Have you heard someone speak whom you thought lacked credibility? Did you dismiss what he or she had to say because you thought it was probably not true? That's what typically happens when a speaker lacks credibility. While it's always important to be thought of as believable, it's especially important when you speak to a group of people, and vital if you plan to deliver a persuasive presentation. Without credibility, members of the audience may dismiss what you have to say as either unimportant or untrue. The guidelines that follow are provided to help you learn how to become a more believable speaker.
Be accurate and exact with quotes, names, dates, and facts.
If you want people to believe you, you have to earn their trust. That means getting the facts straight. Research the information you're going to present to make sure it's accurate and make sure you report it correctly. Practice pronouncing names correctly, and state dates, facts, and quotes accurately. Copy information that you think you might misstate and read it from your notes if necessary.
Provide support for your ideas.
It's not enough just to make a statement, you need to back it up by providing factual information, quoting an expert, or speaking from experience. The point is, it's not enough to state your ideas, you need to be able to explain why you have those ideas.
Dress in a professional manner.
If you want to be taken seriously, then dress accordingly. Being the worst dressed person in the room just won't do. You don't need to have the most expensive clothes or the most current wardrobe, but do look well groomed. Like it or not, research has determined that people are influenced by the appearance of the speaker.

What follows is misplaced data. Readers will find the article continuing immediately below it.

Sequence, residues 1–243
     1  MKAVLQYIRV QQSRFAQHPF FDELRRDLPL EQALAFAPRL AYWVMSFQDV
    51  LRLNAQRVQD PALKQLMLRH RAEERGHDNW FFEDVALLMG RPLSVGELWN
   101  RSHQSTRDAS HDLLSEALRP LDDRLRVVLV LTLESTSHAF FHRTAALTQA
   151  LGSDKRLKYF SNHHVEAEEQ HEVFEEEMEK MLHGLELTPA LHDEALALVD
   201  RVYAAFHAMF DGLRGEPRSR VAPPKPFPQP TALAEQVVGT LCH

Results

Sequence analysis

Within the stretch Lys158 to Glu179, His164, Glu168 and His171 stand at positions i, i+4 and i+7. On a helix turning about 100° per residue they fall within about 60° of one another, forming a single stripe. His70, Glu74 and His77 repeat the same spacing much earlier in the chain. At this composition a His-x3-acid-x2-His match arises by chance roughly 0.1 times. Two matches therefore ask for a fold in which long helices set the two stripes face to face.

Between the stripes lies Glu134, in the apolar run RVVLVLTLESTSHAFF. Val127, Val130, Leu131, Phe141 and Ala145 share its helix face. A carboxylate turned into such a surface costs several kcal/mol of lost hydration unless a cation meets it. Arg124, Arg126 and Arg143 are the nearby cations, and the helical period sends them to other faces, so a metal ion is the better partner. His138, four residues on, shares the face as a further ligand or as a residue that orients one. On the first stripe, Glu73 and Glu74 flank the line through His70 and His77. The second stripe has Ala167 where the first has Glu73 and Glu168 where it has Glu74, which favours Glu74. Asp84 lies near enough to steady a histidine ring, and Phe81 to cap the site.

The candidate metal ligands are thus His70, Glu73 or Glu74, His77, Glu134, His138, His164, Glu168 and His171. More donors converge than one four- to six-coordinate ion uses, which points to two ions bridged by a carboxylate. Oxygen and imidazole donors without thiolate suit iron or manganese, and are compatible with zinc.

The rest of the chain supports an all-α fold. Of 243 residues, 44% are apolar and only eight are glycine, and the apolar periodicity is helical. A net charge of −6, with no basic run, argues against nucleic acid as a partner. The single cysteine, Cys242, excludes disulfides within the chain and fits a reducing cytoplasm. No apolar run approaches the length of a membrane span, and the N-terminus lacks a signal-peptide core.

Use visual aids that look professional.
Visual aids can enhance your presentation if they are well designed and look professional. Be certain to use the visual aids when you practice your presentation.
Know your material.
Knowing the material will help you speak more quickly and fluidly. Research has shown that a speaker's credibility is enhanced by speaking more quickly and without hesitation (uh, well, you know) or qualifiers (sort of, kind of, I guess). People who speak faster are perceived to be more intelligent, more confident, and more effective than people who speak slower. Knowing your material will also help you reduce hesitations and qualifiers that might diminish credibility.
Use language that's appropriate for the audience.
Don't try to impress them by using words they don't understand. If your subject is new to audience members, be certain to explain jargon they might not comprehend. Also, be certain to use your best grammar. Slang can be appropriate for the right audience, but the use of incorrect grammar may be taken as a lack of knowledge on your part.